Methane digesters—biogas recovery systems that use methane from manure to generate electricity—have not been widely adopted in the United States because costs have exceeded benefits to operators. Burning methane in a digester reduces greenhouse gas emissions from manure management. A policy or program that pays producers for these emission reductions—through a carbon offset market or directly with payments—could increase the number of livestock producers who would profit from adopting a methane digester. We developed an economic model that illustrates how dairy and hog operation size, location, and manure management methods, along with electricity and carbon prices, could influence methane digester profits. The model shows that a relatively moderate increase in the price of carbon could induce significantly more dairy and hog operations, particularly large ones, to adopt a methane digester, thereby substantially lowering emissions of greenhouse gases.
West Village Community: Quality Management Processes and Preliminary Heat Pump Water Heater Performance
West Village, a multiuse project underway at the University of California Davis, represents a ground-breaking sustainable community incorporating energy efficiency measures and on-site renewable generation to achieve community-level Zero Net Energy (ZNE) goals. When complete, the project will provide housing for students, faculty, and staff with a vision to minimize the community’s impact on energy use by reducing building energy use, providing on-site generation, and encouraging alternative forms of transportation. This focus of this research is on the 192 student apartments that were completed in 2011 under Phase I of the West Village multiyear project. The numerous aggressive energy efficiency measures implemented result in estimated source energy savings of 37% over the Building America B10 Benchmark. This research seeks to evaluate performance and efficiency of the central heat pump water heaters as a strategy to provide efficient electric water heating for net-zero all-electric buildings and where natural gas is not available on site. In addition, effectiveness of the quality assurance and quality control processes implemented to ensure proper system commissioning and to meet program participation requirements is evaluated. Recommendations for improvements that could improve successful implementation for large-scale, high performance communities are identified.
In its 2009 report , the U.S. Global Change Research Program stated that climate change impacts are already being observed across the United States, and ecosystems and society are going to have to adapt to the ongoing changes in climate. As a result, Executive Order 13514 of October 5, 2009, directed the formation of the Interagency Climate Change Adaptation Task Force, jointly chaired by the Council on Environmental Quality, the Office of Science and Technology Policy, and the National Oceanic and Atmospheric Administration, and staffed with representatives from more than 20 federal agencies, including the Department of Defense (DOD). The task force recently recommended that the federal government expand and strengthen the nation’s capacity to prepare for climate change. The task force further recommended that federal agencies make adaptation a standard part of agency planning.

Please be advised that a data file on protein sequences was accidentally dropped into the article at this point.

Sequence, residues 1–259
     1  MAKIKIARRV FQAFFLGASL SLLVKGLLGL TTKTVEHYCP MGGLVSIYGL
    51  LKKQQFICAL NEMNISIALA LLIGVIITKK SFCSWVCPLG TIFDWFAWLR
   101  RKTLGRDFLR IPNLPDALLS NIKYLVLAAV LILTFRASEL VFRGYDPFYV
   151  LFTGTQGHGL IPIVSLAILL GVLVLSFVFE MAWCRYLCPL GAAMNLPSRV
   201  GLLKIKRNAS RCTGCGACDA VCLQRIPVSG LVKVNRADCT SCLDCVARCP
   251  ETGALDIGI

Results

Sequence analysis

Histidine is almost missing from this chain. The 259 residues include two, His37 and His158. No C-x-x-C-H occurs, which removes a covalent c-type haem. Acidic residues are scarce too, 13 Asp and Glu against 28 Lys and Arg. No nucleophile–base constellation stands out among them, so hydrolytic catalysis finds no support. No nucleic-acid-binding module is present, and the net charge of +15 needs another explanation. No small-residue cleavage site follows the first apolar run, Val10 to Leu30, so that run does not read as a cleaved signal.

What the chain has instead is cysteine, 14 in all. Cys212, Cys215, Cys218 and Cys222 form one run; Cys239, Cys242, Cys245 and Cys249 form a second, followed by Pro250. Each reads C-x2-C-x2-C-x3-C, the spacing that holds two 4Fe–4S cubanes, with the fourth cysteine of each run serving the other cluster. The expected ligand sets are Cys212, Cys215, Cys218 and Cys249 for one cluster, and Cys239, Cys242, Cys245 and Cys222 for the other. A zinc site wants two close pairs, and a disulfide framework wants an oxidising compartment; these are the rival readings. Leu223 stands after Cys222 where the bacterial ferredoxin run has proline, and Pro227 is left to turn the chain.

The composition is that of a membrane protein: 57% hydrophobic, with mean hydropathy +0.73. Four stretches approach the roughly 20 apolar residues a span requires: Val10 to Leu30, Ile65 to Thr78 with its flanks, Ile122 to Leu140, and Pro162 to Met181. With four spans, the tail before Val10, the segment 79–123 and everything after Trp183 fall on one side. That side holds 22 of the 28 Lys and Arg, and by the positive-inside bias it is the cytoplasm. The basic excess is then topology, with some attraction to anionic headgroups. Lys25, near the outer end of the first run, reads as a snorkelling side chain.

Following the recommendations of the task force, as well as direction from the National Intelligence Assessment on the National Security Implications of Climate Change and the Quadrennial Defense Review, DOD is now beginning to develop policies to ensure that climate change is properly accounted for in the department’s infrastructure planning process.
Many aspects of installation infrastructure and management are subject to the effects of climate change. The challenge that is discussed most often is sea level rise and its obvious implications for coastal installations. Drought and its implications for water supply are also often discussed, as are the increase in severity of hurricanes and tropical storms and the resulting flooding and damage to structures. In this memo, we look at an obvious but seldom discussed implication of climate change for installation managers: rising temperatures and their implications for installation energy use.
Humans have been adapting to the vagaries of weather for millennia, sometimes successfully sometimes not. Today, the myriad of important federal laws that regulate the impacts of human activity in our natural environment not only complicates plans for climate change adaptation, but also act as a strong justification for proactive planning, engagement and action. The challenge of adaptation will result in increased opportunities for more effective interaction with other federal agencies, communities and scientific organizations to better meet needs of the community at large and the readiness goals of the constantly evolving military mission.
Retrofit NYC Block by Block is an outreach program targeting owners of one- to four-family homes, the most common building type in New York City, with more than 600,000 structures citywide. Administered by the Pratt Center for Community Development and implemented by four nonprofit, community-based organizations, Block by Block connects residents, businesses, and religious and civic organizations in predominantly low-and moderate-income neighborhoods with one or more of a half-dozen public and private financial incentive programs that facilitate energy-efficiency retrofits. This research project sought to evaluate the approach, effectiveness, and the energy use reductions accomplished by the Retrofit NYC: Block by Block program.
Steven C. Peterson, Michael Appell, Michael A. Jackson, Akwasi A. Boateng (2013). “Comparing Corn Stover and Switchgrass Biochar: Characterization and Sorption Properties.” Journal of Agricultural Science 5(1), 8 p.
A switchgrass biochar (SB) produced by fast pyrolysis and a corn stover biochar (CSB) from a slow pyrolysis process were mechanically milled and characterized. Both of these biochars are very cost-effective and originate as residues from bioenergy production and the corn industry, respectively. These two biochars were evaluated for their sorptive properties with both water and the estrogen containing compounds estrone, β-estradiol, and zearalenone via batch rebinding assays in salt solutions. Although CSB had greater total surface area than SB, SB was a more porous biochar, indicated by its greater micropore surface area. For both water and all estrogen containing compounds, SB had better sorptive capability, most likely due to its higher micropore surface area.These results suggest ball milled biochars from switchgrass and corn stover offer promise for a sustainable approach to removing toxins from water.